IGS Discussion Forums: Learning GS Topics: Is there a logician in the house?
Author: Ralph E. Kenyon, Jr. (diogenes) Saturday, September 10, 2005 - 11:12 pm Link to this messageView profile or send e-mail

I recommend three books.
"On Intelligence" by Jeff Hawkins (2004)
"How the Brain Evolved Language" by Donald Loritz (1999)
"The Feelings of What Happens", by Antorio Damasio (1999)

They may shed much light on the foregoing "discussion".

I advise not to say that something is impossible or that it will never happen; I advise instead to say, we do not yet know how to do it, or that we have not yet done it. This is the difference between the higher level "judgement" and the lower level "description".


Author: Ralph E. Kenyon, Jr. (diogenes) Saturday, October 1, 2005 - 12:33 am Link to this messageView profile or send e-mail

quote{ ME: The question remains, what work has been done in GS as to its application?

I would very much like to hear if Dr. Kenyon has more to say on the subject.}

I am not aware of specific work attempting to apply fuzzy logic in a "general semantics application". I can speculate that it might be a useful challenge to a graduate student to build some specific models of abstracting from sets of instances to "generalizations" using various fuzzy logic techniques. I leave the design up to prospective student. The object would be simply to explore the notion of abstracting in some specific context area.

Regarding proclamations of "impossible" by "experts",


Disregard everything everybody has ever said; to start out from scratch as if nobody had ever had the sense to think about the problem before; to doubt most of all the opinion of the experts, for, obviously, if the experts were right then there would be no problem. - http://www.xenodochy.org/ex/abstract/eightkeys.html

I particularly liked this bit:


My main interest was in whether any GS experts had looked at the relationship between the 'multi-valued' logics of Korzybski's writings and those of 'fuzzy logic'.

I am certainly no expert in the field, but from what I read in K about 'multi-valued' logics and what I see in Zadeh look very similar. Both depend on probabilistic outcomes of evaluating functions.

A "multi-valued" logic system involves a finite state machine which takes input values from the set of allowed states and produces an output in the set. In binary logic there are two states, represented by "0" and "1" and three machines (which can be represented by "and", "or", and "not"). In tertiary logic there are three states, which can be represented by "0", "1", and "2". In Probability theory, there are "an infinity" of possibilities, the likelyhood of each is expressed by a number in the range of 0 to 1, where "0" and "1" represent "impossible" and "certain" respectively. These are the logics that Korzybski had some exposure to. Fuzzy logic uses characteristics of both of the former and the latter to create "measures" of set membership using an imprecise set of individual properties. Because the measures are not limited to "impossible" and "certain", the results of various operations that we might like to correlate with logical inference are themselves "uncertain".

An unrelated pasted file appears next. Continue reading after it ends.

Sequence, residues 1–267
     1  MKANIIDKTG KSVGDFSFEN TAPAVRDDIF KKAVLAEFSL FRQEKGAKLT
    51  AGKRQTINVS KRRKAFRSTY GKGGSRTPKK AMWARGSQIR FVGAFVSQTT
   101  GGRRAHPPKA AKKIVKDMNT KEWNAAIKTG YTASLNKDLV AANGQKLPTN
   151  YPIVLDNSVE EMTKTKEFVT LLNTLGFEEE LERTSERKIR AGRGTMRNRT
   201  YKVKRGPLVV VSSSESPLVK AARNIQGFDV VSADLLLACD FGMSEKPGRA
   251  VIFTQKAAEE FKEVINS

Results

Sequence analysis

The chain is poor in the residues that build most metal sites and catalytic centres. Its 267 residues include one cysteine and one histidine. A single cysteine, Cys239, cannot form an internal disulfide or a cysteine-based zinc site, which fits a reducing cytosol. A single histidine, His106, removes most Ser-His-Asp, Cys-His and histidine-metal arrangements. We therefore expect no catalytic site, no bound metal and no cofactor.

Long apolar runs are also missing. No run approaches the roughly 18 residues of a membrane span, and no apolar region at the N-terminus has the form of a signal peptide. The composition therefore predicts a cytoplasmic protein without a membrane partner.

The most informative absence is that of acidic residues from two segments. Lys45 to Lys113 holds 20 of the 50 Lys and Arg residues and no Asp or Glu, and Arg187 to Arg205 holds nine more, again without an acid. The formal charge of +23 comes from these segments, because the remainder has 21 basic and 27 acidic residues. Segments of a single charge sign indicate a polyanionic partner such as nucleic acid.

Some recent work:
http://www-bisc.cs.berkeley.edu/BISCProgram/default.htm "Toward a Generalized Theory of Uncertainty (GTU)—An Outline, Information Sciences, 2005."


So you have here two levels of abstraction. The lowest based on two-valued logic;the highest, supposedly on more than two, say n-valued logic. Now software cannot transcend itself. This means the higher level is written in terms of the lower. If the higher level "works" for any given "n" greater than two. it means they are expressible in terms of the lower. That essentially says that 2-level suffices for all higher levels.

It should probably be pointed out that computers should not be seen as implementing pure "binary" logic, because many devices use three states, high, low, and disconnected - the high impedence state. The simplest devices (latch & driver) have an input lines, an output lines, and a control lines which enable when the input or output lines are active. The simplest one-bit memory cell has three possible outputs high, low, and disabled. My inclination is to think of computers as using tertiary logic to manage binary logic.